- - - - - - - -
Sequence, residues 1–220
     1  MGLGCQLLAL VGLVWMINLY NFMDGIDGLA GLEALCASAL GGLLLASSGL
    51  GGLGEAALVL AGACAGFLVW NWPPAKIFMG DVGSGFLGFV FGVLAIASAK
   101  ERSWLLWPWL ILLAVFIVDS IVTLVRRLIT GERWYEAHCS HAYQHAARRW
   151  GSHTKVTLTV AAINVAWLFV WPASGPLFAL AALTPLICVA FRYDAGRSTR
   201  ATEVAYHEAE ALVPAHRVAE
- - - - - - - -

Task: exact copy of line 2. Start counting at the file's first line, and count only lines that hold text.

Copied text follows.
     1  MGLGCQLLAL VGLVWMINLY NFMDGIDGLA GLEALCASAL GGLLLASSGL